Posted in Crimea, Crimean Tatars, Ukraine, Ukrainian Politics | 2 Comments »

The Crimean Tatars: Opportunities and Threats.

Posted by democratist on June 11, 2011

11th June 2011,

By way of a short summer break, and in order to broaden our understanding of Ukraine’s regional diversity, Democratist has just returned from a week in Crimea. Long the Soviet apparatchik holiday destination of choice, it remains popular with Ukrainians and Russians today, despite the lure of Turkey and Egypt.
While we recommend both the Simferopol-Yalta Trolleybus line (at 86 km, the longest in the world, and a mere 12 UAH or 95 pence for a one way ticket), and the Sebastopol harbour/Russian black sea fleet boat tour, by far the most intellectually rewarding aspect of our 5-day trip was the opportunity we had to meet with representatives of the Crimean Tatar community, at the their Mejlis (cabinet) secretariat in the regional capital, Simferopol.
The Tatars are a Sunni Muslim, Turkic people. They arrived in Crimea in the 13th century as part of the Golden Horde, and dominated the peninsula for some 500 years. They were prominent in the slave trade until the early 1700’s, and provided Russian, Ukrainian and Polish slaves to the Ottoman Empire – under which they had become a protectorate in the late 1470’s.
However, Russia annexed Crimea in 1783, and the subsequent 200 years proved a disaster for the Tatars, with a tentative recovery only beginning in the late 1980’s.
From the time of annexation, and for much of the following century, the Tatars were subject to repression and an extraordinary degree of systematic cultural destruction. This in turn provoked mass emigration, as much of the population fled to remaining parts of the Ottoman empire. By 1897, they came to compose only about 30% of the inhabitants of Crimea.
The early Soviet period was marked by an initial resistance to the revolution and declaration of the first democratic republic in the Islamic world, the Crimean People’s Republic, in Simferopol in December 1917. This was followed by military defeat at the hands of the Bolsheviks a month later, then repression, mass executions, and deliberate starvation in the 1920’s and 1930’s. It has been estimated that about half the remaining Tatar population was killed by the mid-1930’s.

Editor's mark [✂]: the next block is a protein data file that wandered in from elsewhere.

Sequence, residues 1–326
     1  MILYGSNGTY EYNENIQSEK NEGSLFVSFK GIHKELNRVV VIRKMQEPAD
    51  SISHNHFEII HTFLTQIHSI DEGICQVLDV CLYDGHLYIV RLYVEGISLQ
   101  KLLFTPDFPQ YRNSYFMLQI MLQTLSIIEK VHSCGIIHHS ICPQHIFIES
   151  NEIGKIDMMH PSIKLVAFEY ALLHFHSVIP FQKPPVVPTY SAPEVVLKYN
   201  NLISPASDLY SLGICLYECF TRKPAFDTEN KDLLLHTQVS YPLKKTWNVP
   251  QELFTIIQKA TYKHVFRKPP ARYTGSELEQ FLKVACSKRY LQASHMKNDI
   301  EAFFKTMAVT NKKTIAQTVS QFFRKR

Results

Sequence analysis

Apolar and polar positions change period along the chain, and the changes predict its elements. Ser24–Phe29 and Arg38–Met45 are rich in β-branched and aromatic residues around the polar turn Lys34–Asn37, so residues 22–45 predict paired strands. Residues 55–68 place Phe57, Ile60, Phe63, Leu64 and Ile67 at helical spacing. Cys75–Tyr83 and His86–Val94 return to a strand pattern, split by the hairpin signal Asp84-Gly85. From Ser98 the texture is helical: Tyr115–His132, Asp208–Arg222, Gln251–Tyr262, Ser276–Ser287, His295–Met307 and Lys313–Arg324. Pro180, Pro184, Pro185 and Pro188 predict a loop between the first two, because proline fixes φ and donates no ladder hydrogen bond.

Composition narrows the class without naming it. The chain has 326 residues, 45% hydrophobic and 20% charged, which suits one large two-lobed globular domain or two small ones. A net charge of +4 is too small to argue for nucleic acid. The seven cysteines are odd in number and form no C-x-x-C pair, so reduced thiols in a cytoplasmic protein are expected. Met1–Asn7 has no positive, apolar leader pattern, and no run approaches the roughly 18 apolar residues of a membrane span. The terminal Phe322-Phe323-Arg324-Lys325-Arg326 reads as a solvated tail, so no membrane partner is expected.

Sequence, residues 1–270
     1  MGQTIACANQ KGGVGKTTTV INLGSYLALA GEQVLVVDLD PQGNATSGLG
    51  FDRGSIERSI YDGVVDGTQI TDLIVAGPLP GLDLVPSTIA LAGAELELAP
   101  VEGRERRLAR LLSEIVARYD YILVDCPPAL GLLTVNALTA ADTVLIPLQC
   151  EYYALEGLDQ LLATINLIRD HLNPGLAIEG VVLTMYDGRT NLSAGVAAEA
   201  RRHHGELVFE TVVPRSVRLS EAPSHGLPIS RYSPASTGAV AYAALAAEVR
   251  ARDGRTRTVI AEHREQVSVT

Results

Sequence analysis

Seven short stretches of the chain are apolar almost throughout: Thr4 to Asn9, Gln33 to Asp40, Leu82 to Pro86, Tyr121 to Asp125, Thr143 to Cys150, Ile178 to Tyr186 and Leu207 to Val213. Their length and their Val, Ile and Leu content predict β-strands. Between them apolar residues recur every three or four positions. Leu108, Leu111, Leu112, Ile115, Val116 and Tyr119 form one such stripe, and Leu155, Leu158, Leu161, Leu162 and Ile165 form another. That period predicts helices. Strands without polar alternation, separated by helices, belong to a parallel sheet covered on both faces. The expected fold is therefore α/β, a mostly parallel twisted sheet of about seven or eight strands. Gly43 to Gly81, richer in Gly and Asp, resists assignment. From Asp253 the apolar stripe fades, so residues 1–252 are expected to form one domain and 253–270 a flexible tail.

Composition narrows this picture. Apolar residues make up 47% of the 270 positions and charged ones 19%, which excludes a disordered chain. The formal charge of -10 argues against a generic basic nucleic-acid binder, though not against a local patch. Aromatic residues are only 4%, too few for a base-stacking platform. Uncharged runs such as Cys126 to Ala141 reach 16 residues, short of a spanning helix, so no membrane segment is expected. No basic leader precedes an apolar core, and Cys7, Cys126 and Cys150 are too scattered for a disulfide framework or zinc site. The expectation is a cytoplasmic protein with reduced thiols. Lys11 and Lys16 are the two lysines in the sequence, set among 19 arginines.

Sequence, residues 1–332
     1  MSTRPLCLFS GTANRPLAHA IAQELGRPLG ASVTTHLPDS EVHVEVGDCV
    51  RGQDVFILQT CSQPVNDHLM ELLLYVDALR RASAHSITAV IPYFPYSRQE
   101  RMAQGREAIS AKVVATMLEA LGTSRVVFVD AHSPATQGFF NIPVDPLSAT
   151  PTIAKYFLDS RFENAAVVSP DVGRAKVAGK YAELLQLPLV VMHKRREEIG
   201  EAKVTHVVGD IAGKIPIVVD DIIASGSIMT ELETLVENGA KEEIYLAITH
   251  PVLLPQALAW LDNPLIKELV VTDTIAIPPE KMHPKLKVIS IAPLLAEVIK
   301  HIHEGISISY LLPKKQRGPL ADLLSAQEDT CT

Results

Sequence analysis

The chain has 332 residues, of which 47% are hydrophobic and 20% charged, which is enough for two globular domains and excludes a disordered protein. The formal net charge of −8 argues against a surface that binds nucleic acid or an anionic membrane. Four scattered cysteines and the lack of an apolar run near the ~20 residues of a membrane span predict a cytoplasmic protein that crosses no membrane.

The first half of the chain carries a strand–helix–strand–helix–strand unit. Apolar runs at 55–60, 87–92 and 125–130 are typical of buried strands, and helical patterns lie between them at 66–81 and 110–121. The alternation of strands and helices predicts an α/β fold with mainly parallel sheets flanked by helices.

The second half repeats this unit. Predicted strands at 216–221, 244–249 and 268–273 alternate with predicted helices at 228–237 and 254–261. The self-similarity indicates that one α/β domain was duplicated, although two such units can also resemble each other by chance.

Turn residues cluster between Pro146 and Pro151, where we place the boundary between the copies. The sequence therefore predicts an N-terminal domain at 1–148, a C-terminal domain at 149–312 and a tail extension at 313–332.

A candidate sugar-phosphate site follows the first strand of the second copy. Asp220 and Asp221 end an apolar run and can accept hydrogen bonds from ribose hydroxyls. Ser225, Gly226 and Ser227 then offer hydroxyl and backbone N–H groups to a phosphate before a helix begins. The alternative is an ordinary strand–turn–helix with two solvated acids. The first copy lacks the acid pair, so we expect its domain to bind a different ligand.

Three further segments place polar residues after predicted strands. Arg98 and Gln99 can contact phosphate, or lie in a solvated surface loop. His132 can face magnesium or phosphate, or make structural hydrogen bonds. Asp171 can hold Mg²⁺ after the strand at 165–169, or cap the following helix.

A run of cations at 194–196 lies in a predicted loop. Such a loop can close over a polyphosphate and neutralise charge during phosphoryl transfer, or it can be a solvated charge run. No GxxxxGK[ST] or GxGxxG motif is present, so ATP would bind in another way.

Given this course of events, it is perhaps understandable that the Tatar leadership should have chosen to collaborate with the Nazis after the 1941 invasion of the USSR. However, once the Red Army reestablished control over Crimea in 1944, Stalin responded with what was effectively his own “final solution” to the problem of the Tatar presence in strategically important Crimea. Under influence from the NKVD, he ordered the mass deportation of the entire remaining population to central Asia. While it was probably not his intention to physically destroy an entire people (as was the case with the holocaust), it is clear that the deportation essentially amounted to genocide within the terms of the 1948 UN Convention. According to Tatar NGOs just under half of those deported died within the first couple of years of exile.
Although all charges against the Tatars were lifted in 1967, they were not formally permitted to return to Crimea until 1989.  Even since then, the steady trickle of returnees have faced discrimination at the hands of the heavily sovietized Russian/Ukrainian majority, many of whom moved to Crimea in the post-war period and were given confiscated Tatar property.
As of 2011, about 280,000 Tatars have returned to Crimea, so that they now constitute about 13-14% of the population. A further 100,000 or so remain in central Asia, many of whom would like to return, but lack the financial means.
In terms of political representation, while it does not have any official powers or legal status, about 90% of the returned Tatars support, and elect deputies to the 250 member Kurultai (parliament), and its 33 member executive Mejlis, both established in 1991. The Mejlis is led by respected former dissident and Human Rights campaigner Mustapha Cemilev, and has become the main point of contact for Ukrainian government dealings with the returnees.
According to Cemilev, and other representatives of the community Democratist spoke with, the main contemporary potential threats and problems facing the resettled Tatars include:
  • The possibility that Crimea (only designated part of Ukraine by Khrushchev in 1954, and 65% ethnically Russian) might secede from Ukraine back to Russia, which would almost certainly lead to open conflict.
  • The intensification of inter-ethnic tension as a result of Soviet-era and contemporary propaganda which seeks to justify the deportation. Many Russian nationalists in Crimea go as far as to say that the Tatars should be re-deported.
  • The need for legal rulings on the status of Tatars in Crimea, saying that they have a right to settle there, to preserve their identity, as well as restitution for property confiscated in 1944.
  • The need for increased international facilitation to help the return of those Tatars who wish to do so.
  • The need to address a lack of amenities, high unemployment, and discrimination in terms of access to land.